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Get Over It! (And Other Things That Grievers Cannot Do)

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I have been working with grievers for over 20 years. My grief book, Transcending Loss, was published 15 years ago and continues to help readers. One of the reasons for its enduring appeal is that it acknowledges the lifelong impact of grief. In it, I give grievers permission to feel their pain, find meaning in their loss, and stay connected to their dearly departed.

Our pain-averse culture wants to sweep grief under the carpet as quickly as possible. We prefer grievers to finish mourning in a timely manner so that we can all get back on schedule. Grief, however, is ongoing. It has many twists and turns that defy our best attempts at orderliness.

If you or someone you know is grieving, the following grief resource will help you understand what to expect.

What Grievers Cannot Do

  • Get Over It -- Although stoicism is often admired, it is not healthy for grievers. The truth is that a major loss is devastating -- physically, emotionally, and spiritually. Grievers don't simply "get over" such a life-altering experience as one might get over an illness. Grief is a necessary, ongoing journey that fluctuates over time. Grief has no closure.
  • Forget Their Loved One -- Grievers cannot and should not pretend as if their loved one never existed. Most grievers think of their beloved one daily, no matter how many years have gone by. If you, as a friend, never mention the loved one who has died, you are acting as if you've forgotten.
  • Move On -- Grievers are often told to "move on" with life. It is impossible to move on as if nothing has changed when the foundation of one's life has been shattered. Severing a tie to a deceased loved is not possible, nor should it be the goal (see "Moving Forward" in the next section).
  • Be Their Old Self Again -- Grievers are irrevocably changed. They cannot return to being their old selves again. They are no longer the same person after a major loss.
  • Stop Hurting -- Grievers and their loved ones often wish for the pain of grief to stop. The hard truth is that painful feelings of grief will arise again and again over the years. They will continue to "burst" into life at the most inopportune moments. Sometimes a holiday or anniversary will stimulate renewed pain and, at other times, a simple rainy Tuesday is all that it will take.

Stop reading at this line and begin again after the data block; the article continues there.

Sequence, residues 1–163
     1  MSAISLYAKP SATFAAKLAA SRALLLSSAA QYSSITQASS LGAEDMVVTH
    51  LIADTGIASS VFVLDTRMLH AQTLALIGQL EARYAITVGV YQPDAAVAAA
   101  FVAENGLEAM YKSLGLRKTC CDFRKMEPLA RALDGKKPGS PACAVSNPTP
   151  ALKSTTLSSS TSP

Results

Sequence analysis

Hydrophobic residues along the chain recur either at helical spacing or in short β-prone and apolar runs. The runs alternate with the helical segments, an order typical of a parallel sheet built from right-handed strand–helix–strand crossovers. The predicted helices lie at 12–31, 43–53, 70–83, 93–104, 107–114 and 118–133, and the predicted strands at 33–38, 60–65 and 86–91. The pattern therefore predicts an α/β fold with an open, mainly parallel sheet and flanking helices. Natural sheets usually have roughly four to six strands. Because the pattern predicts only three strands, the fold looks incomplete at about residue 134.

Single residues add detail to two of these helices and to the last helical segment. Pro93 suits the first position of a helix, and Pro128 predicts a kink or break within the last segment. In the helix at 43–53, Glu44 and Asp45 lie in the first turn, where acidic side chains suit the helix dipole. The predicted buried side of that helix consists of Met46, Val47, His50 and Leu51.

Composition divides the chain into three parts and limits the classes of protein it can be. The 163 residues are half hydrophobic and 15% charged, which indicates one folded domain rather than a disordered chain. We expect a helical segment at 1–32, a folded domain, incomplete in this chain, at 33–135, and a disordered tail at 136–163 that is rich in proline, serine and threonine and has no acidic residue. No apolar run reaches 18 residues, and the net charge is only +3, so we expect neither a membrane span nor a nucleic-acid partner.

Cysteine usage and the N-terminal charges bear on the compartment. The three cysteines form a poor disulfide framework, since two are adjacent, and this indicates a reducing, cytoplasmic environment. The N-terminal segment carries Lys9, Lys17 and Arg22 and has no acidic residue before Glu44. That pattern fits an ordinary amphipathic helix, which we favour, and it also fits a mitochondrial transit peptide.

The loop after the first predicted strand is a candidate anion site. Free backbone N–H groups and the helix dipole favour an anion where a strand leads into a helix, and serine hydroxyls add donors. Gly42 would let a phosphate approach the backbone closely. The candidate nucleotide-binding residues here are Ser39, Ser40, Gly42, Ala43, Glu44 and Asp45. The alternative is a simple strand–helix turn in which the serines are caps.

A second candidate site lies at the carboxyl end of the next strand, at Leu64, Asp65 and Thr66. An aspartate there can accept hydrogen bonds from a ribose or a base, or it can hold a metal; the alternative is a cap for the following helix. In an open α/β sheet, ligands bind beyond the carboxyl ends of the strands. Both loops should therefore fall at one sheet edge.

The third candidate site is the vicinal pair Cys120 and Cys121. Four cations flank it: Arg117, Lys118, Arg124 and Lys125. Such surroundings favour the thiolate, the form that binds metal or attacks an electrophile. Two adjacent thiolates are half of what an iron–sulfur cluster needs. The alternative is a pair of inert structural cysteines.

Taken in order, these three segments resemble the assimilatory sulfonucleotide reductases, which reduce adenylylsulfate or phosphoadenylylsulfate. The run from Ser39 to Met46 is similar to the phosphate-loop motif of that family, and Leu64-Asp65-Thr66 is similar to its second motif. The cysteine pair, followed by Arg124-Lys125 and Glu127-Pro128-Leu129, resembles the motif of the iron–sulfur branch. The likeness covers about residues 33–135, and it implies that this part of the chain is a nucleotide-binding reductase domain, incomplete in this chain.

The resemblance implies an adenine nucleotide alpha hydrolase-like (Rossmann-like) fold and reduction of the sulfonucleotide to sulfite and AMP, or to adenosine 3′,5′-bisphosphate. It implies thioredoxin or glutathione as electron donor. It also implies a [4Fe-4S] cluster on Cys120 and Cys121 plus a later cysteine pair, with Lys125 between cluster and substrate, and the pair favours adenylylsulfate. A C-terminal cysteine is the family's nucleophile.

What Grievers Can Do

  • Integrate Loss Into Life -- Grievers must live with loss, but they do have the choice to reengage with life. The way to begin this lies in the understanding that loss is an inevitable part of life and that their loved one is always with them in their heart.
  • Move Forward -- Grievers may not be able to simply "move on," but they can "move forward" as a changed person with a willingness to accept the many facets of being alive. When grievers move forward they do so with their loved one ever in their memory, their heart, and their spirit.
  • Remember and Stay Connected in Love -- Grievers can make it a practice to honor their loved one and stay connected to them. They can keep journals and letters written to their loved ones, display photographs and speak about them. Grievers are still in relationship to their loved one even though their physical form is no longer on this planet.
  • Embrace a New Self -- Grievers can understand that being forever changed means that while the old self has died, a new self is emerging. This new self has the potential for increased strength, wisdom, compassion, insight, and perspective.
  • Channel Their Pain Into New Energy -- The human spirit is remarkably resilient. Grievers can pour their pain into new life missions, causes, and callings. They may reach out with compassion and understanding to others who suffer. Grievers have a choice to transcend their loss by making meaning out of unspeakable pain.

Grief is a universal human experience that all of us will encounter eventually. Understanding what we can and cannot expect will help ease the process as it unfolds. Loss may change life as we know it, but the unknown is full of possibility.

For more by Ashley Davis Bush, LCSW, click here.

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